y*((StandLength - StandBoltClear)/2 + Protrusion),
		cube([(MountWidth + Protrusion),
			 (StandBoltClear + Protrusion),
			 (StandWidth + 2*Protrusion)],center=true);
	for (y=[-1,1])								// stand bolt holes
	  translate([(MountWidth/2 - Protrusion),y*StandBoltOC/2,StandWidth/2])
		  PolyCyl(Clear10_32,StandThick + 2*Protrusion,8);



// Lash everything together


if (Layout == "Build") {

if (Layout == "Show") {
  translate([-StandWidth/2,0,(StandThick + MountWidth/2)])

Revised OpenSCAD Layout Grid

Following the suggestions in the comments to my previous attempt at an OpenSCAD layout grid, this pass works better:

  • Leave it turned on all the time
  • Parameterized everything
  • Useful default values
  • Less obtrusive

It looks about the same as before, only now it’s transparent gray. The 2-unit cube in the middle marks the “your object goes there” spot; the % prefix on the grid cubes causes OpenSCAD to ignore them.

OpenSCAD Build Surface Grid - revised
OpenSCAD Build Surface Grid - revised

The OpenSCAD source code:

module ShowPegGrid(Space = 10.0,Size = 1.0) {

Range = floor(50 / Space);

for (x=[-Range:Range])
for (y=[-Range:Range])



Thing-O-Matic: Wiper Rebuild Doodles

Unlike most folks, it seems, I’m a big fan of automatic wiping at the start of each print. It’s particularly important with the Z-min platform height switch, because a little ABS snot on the end of the nozzle changes the initial layer thickness in a bad way: additional height at the switch reduces the first layer thickness.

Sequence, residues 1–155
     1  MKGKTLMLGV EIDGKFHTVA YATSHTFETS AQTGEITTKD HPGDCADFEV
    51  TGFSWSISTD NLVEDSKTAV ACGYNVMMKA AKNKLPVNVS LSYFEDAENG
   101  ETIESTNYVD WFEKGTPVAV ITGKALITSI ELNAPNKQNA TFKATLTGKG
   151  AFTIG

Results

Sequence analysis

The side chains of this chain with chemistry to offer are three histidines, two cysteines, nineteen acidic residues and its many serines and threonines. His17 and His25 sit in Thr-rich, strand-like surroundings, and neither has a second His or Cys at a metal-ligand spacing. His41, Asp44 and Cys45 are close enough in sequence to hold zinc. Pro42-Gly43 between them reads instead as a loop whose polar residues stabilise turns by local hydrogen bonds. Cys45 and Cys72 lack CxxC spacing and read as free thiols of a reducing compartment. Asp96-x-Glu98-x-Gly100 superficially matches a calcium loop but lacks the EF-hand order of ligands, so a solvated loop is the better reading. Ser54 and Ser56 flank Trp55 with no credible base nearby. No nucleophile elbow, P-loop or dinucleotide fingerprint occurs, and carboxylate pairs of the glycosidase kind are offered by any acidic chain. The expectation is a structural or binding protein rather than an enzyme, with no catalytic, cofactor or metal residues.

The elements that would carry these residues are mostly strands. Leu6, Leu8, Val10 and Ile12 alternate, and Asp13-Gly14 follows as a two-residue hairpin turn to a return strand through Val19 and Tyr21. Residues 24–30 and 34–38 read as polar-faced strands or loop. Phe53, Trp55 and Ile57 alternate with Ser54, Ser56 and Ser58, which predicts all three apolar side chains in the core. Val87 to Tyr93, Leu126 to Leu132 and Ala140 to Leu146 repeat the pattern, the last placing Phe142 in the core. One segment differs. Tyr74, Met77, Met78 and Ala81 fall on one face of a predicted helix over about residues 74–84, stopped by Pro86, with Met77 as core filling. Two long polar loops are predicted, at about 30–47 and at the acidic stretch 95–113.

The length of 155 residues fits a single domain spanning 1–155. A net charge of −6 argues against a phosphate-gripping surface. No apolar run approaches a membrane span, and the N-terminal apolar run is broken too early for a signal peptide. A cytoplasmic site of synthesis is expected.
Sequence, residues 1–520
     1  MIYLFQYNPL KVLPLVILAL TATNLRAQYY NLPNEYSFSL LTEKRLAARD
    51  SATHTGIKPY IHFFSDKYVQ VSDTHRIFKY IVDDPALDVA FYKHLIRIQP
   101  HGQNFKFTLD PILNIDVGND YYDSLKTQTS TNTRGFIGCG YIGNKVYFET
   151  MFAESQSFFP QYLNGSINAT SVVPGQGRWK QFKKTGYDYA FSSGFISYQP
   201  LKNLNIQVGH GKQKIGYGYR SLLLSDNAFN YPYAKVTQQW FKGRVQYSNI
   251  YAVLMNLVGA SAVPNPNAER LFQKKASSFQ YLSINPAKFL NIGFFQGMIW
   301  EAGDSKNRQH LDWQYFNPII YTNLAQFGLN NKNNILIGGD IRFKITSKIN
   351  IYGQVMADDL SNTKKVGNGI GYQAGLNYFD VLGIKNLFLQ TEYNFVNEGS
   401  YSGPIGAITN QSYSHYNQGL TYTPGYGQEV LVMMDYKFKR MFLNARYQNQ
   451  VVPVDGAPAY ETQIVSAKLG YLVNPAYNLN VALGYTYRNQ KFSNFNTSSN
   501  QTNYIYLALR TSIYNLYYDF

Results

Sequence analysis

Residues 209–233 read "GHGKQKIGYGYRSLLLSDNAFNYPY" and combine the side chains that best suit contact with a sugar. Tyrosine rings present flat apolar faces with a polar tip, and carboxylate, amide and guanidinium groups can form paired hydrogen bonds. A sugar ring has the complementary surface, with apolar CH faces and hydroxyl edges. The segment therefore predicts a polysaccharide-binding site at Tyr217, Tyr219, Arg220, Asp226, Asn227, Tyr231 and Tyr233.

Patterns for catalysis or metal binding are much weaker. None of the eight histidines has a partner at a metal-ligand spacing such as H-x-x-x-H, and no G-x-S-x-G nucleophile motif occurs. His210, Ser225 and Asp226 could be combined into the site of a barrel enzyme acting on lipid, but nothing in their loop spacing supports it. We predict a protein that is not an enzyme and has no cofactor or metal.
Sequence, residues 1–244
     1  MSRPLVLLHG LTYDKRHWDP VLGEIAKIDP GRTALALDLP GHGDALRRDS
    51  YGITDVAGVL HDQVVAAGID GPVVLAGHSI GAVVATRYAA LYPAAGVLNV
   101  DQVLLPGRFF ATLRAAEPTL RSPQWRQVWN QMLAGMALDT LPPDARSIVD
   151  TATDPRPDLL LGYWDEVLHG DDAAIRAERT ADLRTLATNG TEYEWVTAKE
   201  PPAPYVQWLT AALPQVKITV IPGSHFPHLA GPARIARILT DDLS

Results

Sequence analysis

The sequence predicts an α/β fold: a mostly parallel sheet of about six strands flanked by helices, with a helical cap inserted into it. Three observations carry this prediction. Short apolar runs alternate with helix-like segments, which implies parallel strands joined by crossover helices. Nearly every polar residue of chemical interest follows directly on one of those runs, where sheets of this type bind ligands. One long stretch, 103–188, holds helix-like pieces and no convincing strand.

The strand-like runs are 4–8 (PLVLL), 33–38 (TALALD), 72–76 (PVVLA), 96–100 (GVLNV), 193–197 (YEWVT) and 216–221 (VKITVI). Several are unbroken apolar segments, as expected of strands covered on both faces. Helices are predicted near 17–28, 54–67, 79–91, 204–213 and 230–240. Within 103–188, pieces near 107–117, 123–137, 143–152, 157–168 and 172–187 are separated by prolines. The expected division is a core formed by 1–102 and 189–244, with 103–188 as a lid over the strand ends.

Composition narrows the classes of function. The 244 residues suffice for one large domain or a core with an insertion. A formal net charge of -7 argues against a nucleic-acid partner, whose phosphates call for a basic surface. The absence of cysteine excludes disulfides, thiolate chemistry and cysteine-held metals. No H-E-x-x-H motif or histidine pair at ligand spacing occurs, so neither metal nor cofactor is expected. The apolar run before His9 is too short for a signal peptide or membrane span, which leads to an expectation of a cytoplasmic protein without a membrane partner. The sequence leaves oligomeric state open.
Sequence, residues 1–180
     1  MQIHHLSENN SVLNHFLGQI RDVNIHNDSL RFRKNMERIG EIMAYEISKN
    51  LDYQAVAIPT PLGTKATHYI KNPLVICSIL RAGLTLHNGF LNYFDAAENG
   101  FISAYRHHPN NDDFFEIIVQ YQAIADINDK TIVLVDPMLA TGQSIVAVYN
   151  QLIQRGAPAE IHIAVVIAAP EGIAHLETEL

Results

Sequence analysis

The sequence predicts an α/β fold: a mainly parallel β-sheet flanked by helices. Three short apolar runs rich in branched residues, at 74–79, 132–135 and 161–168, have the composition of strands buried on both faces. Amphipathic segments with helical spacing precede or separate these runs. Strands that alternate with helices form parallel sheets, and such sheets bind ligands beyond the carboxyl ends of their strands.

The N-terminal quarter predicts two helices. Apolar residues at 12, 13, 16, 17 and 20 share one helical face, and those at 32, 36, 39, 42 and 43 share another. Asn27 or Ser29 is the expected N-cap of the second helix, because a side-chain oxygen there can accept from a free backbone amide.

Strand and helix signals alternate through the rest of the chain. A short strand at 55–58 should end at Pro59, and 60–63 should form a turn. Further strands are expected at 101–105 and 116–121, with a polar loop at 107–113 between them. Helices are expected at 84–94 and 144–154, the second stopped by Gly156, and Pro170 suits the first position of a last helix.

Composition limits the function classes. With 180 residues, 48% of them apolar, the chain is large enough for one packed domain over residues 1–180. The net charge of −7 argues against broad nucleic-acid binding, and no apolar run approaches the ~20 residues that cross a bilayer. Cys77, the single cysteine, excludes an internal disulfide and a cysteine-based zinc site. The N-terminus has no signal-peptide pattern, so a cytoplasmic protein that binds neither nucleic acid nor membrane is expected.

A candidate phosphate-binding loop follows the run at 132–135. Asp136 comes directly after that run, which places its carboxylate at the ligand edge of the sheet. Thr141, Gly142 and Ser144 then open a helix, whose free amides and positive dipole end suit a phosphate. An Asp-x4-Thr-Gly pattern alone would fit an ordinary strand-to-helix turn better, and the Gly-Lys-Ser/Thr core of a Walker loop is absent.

The problem is that the default wiper position at the right front corner of the platform requires a cutout in the build plates and the wiper gets in the way of the first several layers of very large objects.

I’m thinking of moving the wiper to the center rear of the platform, sticking out beyond the plates. There’s a convenient hole in the HBP platform for a mounting bracket, it won’t hit either of the Z axis rods at either end of the X axis travel, and maybe it’ll be low enough to stay out of the way.

In the nature of a prototype, I smoothed a layer of Permatex copper-loaded silicone gasket compound into the corner of an old dental floss container to get a more-or-less right-angled shape:

Silicone-copper wiper - curing
Silicone-copper wiper - curing

That’s much thicker than the usual gasket that you’re supposed to make from this stuff, so I let it cure for a few days before popping it out, then another few days to get into that big lump in the corner. As expected, it doesn’t stick to polyethylene at all.

After trimming, it looks more like a wiper blade, albeit with Orc Engineering artistic sensibilities:

Trimmed wiper
Trimmed wiper

It’s fairly soft stuff, which is what you want in a gasket, so it’ll require support on the bottom and back. Right now, I’m not sure which is which, which is why I troweled the stuff into the mold with one thick side and one thin side.

A simple bent-metal bracket should do the trick, with a screw in a hole punched through the wiper blade mounting the whole affair to the HBP plywood. Of course, it’d be even better with a printed bracket.

The silicone’s temperature rating goes up to 700 C for intermittent use, which sounds about right for this application.

Opossum in the Attic!

Quite some years ago, before I stapled a wad of steel wool in the hole gnawed in the corner of the garage door, the scrabble of little feet in the attic meant it was time to re-bait the mouse traps. Then, one night, we heard the scrabble of big feet in the attic…